By NANCY COOK LAUER
Fired elections warehouse manager Glen Shikuma has died, leaving his friends shocked and grieving, a police investigation in turmoil and a personal injury attorney contemplating the next move.
Shikuma, a 12-year employee of the county Elections Division, was fired in January, along with his boss, Elections Administrator Pat Nakamoto, and two other workers after evidence of running a sign-making business and holding drinking parties in the county warehouse was reportedly uncovered by County Clerk Jamae Kawauchi and County Council Chairman Dominic Yagong.
Nakamoto and another employee have since been reinstated; Shikuma’s union arbitration proceeding was set for October. Kawauchi did not return a telephone call for comment Wednesday.
“I was very shocked. … He was in very good health up to when he got terminated,” said James Arakaki, a friend and former County Council chairman. “When I saw him last, he was under tremendous stress. He looked terrible.”
Arakaki said he’d hoped the union grievance process and legal proceedings could have moved more quickly, as Shikuma was under a doctor’s care and taking blood pressure medication, and his wife, Karen, was also under a lot of stress. Shikuma, who was in his 50s, apparently died Tuesday of a stroke, he said.
Arakaki praised Shikuma as a talented sign-maker, hard worker and all-around good person who was the “behind-the-scenes backbone” of the local junior golf program.
“I was hoping things would be resolved sooner,” Arakaki said. “I sure would have liked him to see the finality of it, up or down.”
Acting County Prosecutor Charlene Iboshi on Wednesday said her office is still investigating evidence provided by the Hawaii Police Department to see if it meets the standard required for it to be admissible in court.
Police Capt. Mitchell Kanehailua, who oversees the Hilo area Criminal Investigations Division, had told Stephens Media in June that police collected materials and information related to three allegations: trademark violations associated with possible counterfeit labels, second-degree theft of county resources and a county ethics code violation of fair treatment of county officers and employees, an allegation related to using county resources for campaign purposes.
Among the materials found in the county warehouse were stencils to make Arakaki campaign signs, Kevin Anthony of Corporate Specialized Intelligence & Investigations LLC, an investigator hired by the county clerk, had said in June. Shikuma was paid $975 on Sept. 11, 2002, to make signs for Arakaki’s re-election bid, according to Arakaki’s campaign report filed with the state Campaign Spending Commission.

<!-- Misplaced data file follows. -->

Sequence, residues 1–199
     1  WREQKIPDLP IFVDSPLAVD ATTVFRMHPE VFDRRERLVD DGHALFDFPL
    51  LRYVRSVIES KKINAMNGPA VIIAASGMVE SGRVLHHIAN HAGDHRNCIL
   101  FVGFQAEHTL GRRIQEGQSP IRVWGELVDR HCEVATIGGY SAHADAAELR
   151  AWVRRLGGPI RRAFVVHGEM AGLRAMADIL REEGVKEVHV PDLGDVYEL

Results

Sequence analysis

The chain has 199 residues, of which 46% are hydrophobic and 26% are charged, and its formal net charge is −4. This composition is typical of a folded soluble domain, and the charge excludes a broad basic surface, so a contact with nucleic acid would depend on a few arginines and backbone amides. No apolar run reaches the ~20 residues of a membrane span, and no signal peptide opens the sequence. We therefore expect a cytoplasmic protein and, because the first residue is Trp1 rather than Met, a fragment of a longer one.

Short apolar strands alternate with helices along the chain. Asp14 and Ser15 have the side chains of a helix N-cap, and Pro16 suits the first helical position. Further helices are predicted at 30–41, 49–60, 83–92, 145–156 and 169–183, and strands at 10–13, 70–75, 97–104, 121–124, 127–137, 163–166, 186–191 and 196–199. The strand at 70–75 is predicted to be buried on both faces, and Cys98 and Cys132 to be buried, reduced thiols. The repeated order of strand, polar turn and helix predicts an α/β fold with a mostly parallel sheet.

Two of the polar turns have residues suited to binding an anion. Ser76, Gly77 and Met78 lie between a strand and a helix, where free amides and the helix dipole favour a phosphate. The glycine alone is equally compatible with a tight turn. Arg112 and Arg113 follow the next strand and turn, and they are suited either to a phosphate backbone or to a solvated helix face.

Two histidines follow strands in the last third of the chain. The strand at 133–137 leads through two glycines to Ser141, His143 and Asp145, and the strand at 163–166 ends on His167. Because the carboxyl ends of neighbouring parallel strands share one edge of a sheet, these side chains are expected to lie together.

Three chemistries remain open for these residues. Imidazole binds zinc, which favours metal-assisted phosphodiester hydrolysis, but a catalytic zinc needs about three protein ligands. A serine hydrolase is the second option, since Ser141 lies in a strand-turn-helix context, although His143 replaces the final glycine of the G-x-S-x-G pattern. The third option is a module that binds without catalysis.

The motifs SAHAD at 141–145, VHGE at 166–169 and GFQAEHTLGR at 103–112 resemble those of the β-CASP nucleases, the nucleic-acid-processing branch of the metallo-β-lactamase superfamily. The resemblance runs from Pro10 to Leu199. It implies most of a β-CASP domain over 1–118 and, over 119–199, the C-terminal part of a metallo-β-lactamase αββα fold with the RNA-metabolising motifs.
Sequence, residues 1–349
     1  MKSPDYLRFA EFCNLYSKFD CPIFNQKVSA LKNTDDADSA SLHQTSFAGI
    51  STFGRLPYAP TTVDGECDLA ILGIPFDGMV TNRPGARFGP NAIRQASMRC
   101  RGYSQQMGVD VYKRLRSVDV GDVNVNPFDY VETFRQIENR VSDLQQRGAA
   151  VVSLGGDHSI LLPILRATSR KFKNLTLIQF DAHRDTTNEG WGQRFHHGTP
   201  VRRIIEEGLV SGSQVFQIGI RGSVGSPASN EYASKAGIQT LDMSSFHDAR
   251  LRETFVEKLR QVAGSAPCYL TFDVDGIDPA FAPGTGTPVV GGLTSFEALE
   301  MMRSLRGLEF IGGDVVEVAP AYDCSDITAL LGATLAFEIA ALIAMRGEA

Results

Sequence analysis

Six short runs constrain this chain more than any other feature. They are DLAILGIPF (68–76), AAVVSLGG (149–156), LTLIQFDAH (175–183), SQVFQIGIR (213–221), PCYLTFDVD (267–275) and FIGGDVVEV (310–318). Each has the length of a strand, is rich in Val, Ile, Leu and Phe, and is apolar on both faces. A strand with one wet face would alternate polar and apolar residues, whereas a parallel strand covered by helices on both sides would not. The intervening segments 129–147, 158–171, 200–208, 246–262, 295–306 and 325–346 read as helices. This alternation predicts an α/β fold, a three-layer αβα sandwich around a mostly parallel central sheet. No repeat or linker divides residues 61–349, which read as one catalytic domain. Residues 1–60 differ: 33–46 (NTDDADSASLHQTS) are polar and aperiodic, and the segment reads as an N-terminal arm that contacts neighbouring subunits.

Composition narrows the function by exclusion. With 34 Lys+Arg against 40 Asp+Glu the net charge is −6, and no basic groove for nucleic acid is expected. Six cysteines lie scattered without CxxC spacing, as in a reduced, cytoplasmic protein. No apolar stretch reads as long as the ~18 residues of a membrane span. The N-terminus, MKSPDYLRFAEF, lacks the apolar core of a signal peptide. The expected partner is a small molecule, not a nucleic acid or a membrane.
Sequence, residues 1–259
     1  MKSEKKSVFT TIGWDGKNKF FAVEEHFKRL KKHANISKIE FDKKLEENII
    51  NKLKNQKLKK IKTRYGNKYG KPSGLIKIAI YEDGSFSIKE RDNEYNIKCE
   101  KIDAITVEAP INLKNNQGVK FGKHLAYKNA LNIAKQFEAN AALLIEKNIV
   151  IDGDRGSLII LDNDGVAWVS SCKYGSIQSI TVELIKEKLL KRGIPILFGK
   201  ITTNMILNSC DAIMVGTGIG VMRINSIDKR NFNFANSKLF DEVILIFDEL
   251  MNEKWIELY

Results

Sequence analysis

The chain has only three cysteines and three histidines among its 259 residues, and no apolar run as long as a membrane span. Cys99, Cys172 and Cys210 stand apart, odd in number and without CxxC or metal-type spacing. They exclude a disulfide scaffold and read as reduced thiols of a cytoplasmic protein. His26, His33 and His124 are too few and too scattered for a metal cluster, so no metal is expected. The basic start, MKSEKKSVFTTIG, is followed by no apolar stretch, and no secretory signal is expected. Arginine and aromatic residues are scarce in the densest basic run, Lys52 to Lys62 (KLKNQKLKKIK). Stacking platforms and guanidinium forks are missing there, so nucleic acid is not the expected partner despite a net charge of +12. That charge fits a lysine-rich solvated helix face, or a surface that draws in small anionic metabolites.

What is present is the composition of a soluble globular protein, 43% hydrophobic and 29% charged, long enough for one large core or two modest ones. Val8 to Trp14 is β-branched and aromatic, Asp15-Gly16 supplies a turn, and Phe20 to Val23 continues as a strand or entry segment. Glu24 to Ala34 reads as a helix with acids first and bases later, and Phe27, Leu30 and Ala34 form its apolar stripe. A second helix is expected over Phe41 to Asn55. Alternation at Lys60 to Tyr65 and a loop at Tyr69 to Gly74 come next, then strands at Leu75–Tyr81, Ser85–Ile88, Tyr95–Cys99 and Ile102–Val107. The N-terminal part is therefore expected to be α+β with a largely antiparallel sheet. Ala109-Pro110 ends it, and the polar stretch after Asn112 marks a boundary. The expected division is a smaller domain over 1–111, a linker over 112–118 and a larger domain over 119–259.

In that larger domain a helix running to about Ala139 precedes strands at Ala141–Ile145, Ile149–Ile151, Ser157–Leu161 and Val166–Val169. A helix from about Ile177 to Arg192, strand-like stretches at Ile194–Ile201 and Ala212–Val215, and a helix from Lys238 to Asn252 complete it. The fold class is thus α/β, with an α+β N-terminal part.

Arakaki said Wednesday he had picked the signs up at Shikuma’s house, not the warehouse, and Shikuma had told him he’d made them at home.
When questioned through his attorney, Ted Hong, about the Arakaki signs in June, Shikuma provided Stephens Media a sworn declaration under oath that he didn’t move his sign-making equipment into the county warehouse at 210 Makaala St. until 2003.
Between 2000, when he first started work for the county, and 2003, he stored his sign-making equipment at a warehouse at 231 Makaala St., across the road from the elections warehouse, he said. There is no record of Shikuma as a leaseholder for that property, Carol Ginoza, owner of property management company Ginoza Realty, said in June.
“On my personal time in 2002, I prepare signs for James Arakaki at the warehouse space located at 231 Makaala St.,” Shikuma said in his June 13 sworn statement.
Hong, who has been representing three of the four fired workers, including Shikuma, and unsuccessfully filed claims on their behalf with the County Council, said Wednesday the family has asked for privacy while they deal with their loss. Dodo Mortuary Inc. is handling arrangements.
Hong had threatened to sue the county for $500,000 per employee for personal injury, defamation and negligent infliction of emotional distress, and then offered a settlement of $10,000 per employee, a public apology and their jobs back. The council rejected the settlement in April, leading Hong to again threaten to sue.
He said Wednesday he’s giving the Shikuma family time to get over the shock of their loss, but he plans to meet with them soon.
“In terms of Glen Shikuma’s lawsuit, this is definitely something that will cause us to re-evaluate,” Hong said. “The family’s going to meet with me and we’re going to discuss what their options are.”
Email Nancy Cook Lauer at firstname.lastname@example.org.